Temple of Apollo at Pompeii

3d model and reconstruction

Temple of Apollo at Pompeii

All visitors who, over the past few centuries, have walked through the archaeological area in Pompeii, have tried at least once to image what the town must have looked like before it was wiped out by the fury of the volcano.

It might be exactly the relative architectural integrity of the urban texture (greater that in other sites), that encourages the wish to get to know what the town originally looked like. The work done by Altair 4 is aimed at reconstructing for modern-day visitors, in a way which is detailed and at the same scientifically rigorous, the town of Pompeii as it might have looked like twenty centuries ago.

All of the reconstructed monuments have been studied and reproduced in 3D based on scientific work following the most updated archaeological studies or even the drawings of the time, as well as on maps, photographs, aerial views, modern survey techniques or laser scanning.

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Short history of

Temple of Apollo at Pompeii

The sanctuary dedicated to Apollo is the most ancient place of worship in Pompeii. We do not know what the sacred area originally looked like. On the basis of the oldest objects found in the sanctuary’s votive deposits, we can establish that the cult dates back to the VII century BC or perhaps even the previous century.  In such an archaic period, there was no actual temple; religious ceremonies must have taken place in an open space, perhaps provided with one or more altars.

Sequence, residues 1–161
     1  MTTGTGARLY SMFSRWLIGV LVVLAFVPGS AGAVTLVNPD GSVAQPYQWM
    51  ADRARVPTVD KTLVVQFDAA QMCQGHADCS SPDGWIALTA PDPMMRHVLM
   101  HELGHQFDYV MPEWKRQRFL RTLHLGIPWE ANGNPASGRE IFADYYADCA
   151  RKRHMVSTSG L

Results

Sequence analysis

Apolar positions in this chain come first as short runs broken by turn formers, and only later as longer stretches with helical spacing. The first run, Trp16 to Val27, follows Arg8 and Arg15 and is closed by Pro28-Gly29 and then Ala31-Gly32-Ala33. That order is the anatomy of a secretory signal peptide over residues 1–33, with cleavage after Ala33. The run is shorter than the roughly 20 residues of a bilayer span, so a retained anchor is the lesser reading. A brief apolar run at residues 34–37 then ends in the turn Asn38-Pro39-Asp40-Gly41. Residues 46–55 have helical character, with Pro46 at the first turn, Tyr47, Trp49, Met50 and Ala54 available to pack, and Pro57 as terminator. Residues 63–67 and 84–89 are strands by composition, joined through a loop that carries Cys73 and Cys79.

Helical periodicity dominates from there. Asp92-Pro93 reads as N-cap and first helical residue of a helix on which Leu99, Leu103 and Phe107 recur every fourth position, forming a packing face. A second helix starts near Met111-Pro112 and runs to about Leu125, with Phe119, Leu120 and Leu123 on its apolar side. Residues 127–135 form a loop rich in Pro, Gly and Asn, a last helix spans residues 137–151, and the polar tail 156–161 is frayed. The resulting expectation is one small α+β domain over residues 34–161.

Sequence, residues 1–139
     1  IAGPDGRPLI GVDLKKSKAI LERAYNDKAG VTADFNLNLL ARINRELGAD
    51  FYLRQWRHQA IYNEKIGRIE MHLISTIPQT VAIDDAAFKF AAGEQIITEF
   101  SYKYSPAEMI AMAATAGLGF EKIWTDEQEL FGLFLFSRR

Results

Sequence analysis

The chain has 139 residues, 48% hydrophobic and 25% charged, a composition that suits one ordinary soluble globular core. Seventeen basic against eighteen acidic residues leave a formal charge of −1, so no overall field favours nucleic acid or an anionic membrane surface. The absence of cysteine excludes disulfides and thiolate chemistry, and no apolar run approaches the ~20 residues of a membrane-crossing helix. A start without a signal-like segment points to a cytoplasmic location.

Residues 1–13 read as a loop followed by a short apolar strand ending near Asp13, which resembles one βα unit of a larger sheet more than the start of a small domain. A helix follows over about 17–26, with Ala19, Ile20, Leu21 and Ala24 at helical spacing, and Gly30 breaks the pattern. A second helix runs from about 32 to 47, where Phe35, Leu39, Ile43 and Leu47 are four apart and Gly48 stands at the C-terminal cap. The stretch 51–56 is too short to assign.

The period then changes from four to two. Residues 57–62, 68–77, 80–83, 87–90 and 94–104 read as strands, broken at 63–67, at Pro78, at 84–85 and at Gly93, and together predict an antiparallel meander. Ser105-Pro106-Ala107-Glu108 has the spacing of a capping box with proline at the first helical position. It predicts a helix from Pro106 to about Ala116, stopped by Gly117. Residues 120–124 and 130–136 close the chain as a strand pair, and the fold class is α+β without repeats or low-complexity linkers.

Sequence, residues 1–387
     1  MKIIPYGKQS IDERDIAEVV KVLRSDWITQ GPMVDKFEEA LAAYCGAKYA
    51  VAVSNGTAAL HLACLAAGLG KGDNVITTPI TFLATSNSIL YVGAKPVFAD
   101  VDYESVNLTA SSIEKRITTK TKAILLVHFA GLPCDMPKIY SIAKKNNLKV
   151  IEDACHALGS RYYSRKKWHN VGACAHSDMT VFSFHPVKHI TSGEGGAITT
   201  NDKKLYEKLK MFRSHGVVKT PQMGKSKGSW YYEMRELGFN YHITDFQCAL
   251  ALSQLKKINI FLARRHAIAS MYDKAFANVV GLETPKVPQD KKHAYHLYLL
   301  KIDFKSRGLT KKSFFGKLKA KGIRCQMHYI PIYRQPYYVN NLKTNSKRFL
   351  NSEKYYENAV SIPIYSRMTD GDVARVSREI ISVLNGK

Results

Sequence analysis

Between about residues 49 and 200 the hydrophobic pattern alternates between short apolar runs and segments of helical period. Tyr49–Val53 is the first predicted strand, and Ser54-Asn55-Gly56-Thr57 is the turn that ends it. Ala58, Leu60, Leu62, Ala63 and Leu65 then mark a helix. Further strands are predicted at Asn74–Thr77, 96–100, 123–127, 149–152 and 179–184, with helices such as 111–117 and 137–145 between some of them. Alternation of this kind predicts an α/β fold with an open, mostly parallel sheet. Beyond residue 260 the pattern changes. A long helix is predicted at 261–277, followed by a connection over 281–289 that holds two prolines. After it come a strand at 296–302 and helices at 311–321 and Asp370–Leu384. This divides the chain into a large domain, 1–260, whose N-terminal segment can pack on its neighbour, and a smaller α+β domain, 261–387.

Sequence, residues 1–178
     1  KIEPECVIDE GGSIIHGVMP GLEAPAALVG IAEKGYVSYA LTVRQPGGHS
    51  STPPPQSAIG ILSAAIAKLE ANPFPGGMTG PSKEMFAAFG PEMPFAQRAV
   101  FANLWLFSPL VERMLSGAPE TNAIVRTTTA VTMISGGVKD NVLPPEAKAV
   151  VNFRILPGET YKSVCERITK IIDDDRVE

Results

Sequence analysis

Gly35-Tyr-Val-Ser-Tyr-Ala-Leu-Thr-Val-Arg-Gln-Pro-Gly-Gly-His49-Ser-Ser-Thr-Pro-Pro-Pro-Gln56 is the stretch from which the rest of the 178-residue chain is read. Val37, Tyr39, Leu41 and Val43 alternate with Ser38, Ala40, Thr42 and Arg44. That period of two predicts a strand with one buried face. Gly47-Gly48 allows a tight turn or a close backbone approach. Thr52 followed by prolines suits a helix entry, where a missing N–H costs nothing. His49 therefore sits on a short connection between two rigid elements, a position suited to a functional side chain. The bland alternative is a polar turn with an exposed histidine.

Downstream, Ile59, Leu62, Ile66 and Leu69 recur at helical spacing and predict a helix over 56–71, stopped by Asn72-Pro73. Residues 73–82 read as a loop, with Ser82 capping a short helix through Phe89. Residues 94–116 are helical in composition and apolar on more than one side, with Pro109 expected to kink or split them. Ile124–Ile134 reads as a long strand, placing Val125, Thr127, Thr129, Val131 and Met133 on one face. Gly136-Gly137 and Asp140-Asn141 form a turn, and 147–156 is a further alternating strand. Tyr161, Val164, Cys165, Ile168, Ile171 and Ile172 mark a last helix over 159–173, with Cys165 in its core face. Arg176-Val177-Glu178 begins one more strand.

The first building was constructed in the VI century BC, but only a few of the painted terracotta panels which decorated the roof remain.  The temple we see today was built in the Samnite period by quaestor Oppius Campanus, as reported in the inscription at the cella threshold.  Shortly thereafter, the area of the sanctuary was reduced to make room for the Forum.  The senate of the Sullan colony had an altar built in honor of Apollo at the temple.  In the Augustan age, a sundial was added to the sanctuary and the western wall was raised to block nearby houses from sight.  After the earthquake in 62 AD, the whole sacred area was naturally restored with great care.

Apollo and his temple were constantly at the attention of the magistrates of the city, and this underscores the importance of the cult.  Games in honor of the god were even held during the Augustan period, called the Apollinares games.  The nature of the cult is still not completely clear, however.  Two hypotheses have been advanced: either Apollo was Pompeii‘s poliadic deity, the city’s protector par excellence, or he may have been the god who protected commercial activities, the backbone of Pompeian life and its source of wealth.